Research reveals the hows and whys of bed bug control

In StopPests IPM in Multifamily Housing Blog

(Emphasis mine)

Since the U.S. bed bug  resurgence of the 1990’s, entomologists have been researching these elusive pests to better understand their behavior and improve control techniques. Despite progress, there is still much we don’t know about bed bug behavior. Entomologists, like Dr. Gail Ridge at the Connecticut Agricultural Experiment Station, are shedding some light on the habits and adaptations that make bed bugs so challenging to control. The following represents just a small part of Dr. Ridge’s research.

Did you know young bed bug nymphs have been observed feeding on recently fed, older nymphs? They have a gene (pro-resilin) that allows bed bugs to expand when they feed and heal after traumatic insemination (males will basically poke a hole in the female’s abdomen to inseminate her). The gene allows for this additional, creepy bed bug adaptation. Clustering amongst younger nymphs allows nymphs to take a blood meal from a recently fed older nymph by piercing them in the abdomen through the exoskeleton. The pro-resilin gene allows the exoskeleton to be flexible enough to allow for these puncture wounds without killing the bed bugs. This means the young, vulnerable nymphs can stay safe in a hiding spot while the sturdier older nymphs venture out looking for a host and blood meal.

Another odd bed bug adaptation is adults survive past their reproductive usefulness. Most insects live just to reproduce, complete their life cycle, and die. These older, non-reproductive, bed bugs serve a seemingly altruistic purpose. Have you noticed bed bugs like to stack? Dr. Ridge observed the older bed bugs are usually on the outer layers of the stack. This provides protection for the younger nymphs who tend to hide under the bodies of older insects. Furthermore, young nymphs have been observed hitchhiking a ride on older bed bugs, aiding in the spread of an infestation. These older “grandparents” still play a role as caretakers of the nymphs despite having no reproductive role to play. Elders can protect the underlying insects from insecticide applications. This is another reason to use vacuuming as part of your bed bug control protocol.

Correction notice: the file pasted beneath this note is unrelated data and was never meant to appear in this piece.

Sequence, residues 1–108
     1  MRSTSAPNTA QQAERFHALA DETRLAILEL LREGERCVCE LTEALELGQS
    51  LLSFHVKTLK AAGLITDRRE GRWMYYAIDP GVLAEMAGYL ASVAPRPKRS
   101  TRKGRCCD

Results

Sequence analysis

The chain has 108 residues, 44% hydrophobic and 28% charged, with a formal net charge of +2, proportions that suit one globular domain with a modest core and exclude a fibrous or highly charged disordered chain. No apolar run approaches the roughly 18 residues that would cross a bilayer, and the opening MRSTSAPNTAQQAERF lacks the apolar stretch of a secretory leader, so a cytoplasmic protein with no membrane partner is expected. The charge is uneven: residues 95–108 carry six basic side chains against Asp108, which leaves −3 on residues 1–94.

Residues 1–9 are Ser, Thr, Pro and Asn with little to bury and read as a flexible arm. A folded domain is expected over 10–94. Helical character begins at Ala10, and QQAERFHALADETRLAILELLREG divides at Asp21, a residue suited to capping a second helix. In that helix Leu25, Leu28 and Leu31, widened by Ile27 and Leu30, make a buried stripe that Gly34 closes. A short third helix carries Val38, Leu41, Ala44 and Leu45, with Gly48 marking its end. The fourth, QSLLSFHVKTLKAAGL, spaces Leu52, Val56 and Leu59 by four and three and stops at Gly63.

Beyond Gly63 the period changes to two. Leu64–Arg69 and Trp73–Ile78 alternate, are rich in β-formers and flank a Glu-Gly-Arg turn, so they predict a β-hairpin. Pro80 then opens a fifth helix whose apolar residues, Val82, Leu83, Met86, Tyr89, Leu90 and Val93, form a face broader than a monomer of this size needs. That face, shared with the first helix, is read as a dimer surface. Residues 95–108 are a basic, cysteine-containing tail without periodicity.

Another key finding of Dr. Ridge’s research is pesticide resistance in bed bugs may be partially a behavioral adaptation in some cases, rather than biological. In order to test for pesticide resistance, she acquired a known pyrethroid-resistant strain of bed bugs to compare to non-resistant, lab reared bed bugs. Resistant insects moved away from the pesticides, while those that were non-resistant freely walked over areas of pesticide application. This may be one way bed bugs elude chemical control and provide and explanation why infestations often become worse when chemical pesticides are used exclusively: another argument for an IPM approach, using multiple tools.

This insight into their behavior is important if we are to outsmart bed bugs. It can help us improve control tactics and understand control failures. Dr. Ridge promotes using these behavioral adaptations against them. Vacuuming dead bed bugs and skins is vital to exposing the nymphs to control techniques, but Dr. Ridge says leave the blood spots (bed bug droppings). These hold powerful pheromones that attract bed bugs to hiding spots. You can use their own scent as a lure and continue to vacuum and treat the area as long as the bed bugs continue to cluster there.

There’s still much to learn about bed bug biology and behavior, but researchers like Dr. Ridge are making great strides in increasing our understanding. The more we learn, the more we can apply this knowledge to our control tactics. To learn more about controlling bed bugs with IPM, take a look at what research is telling us about management at stoppests.org, the Connecticut Agricultural Experiment Station, Rutger’s University Bed Bug information page, The Virginia Tech Bed Bug and Urban Pest Information Center, and the University of Minnesota’s “let’s Beat The Bug.”

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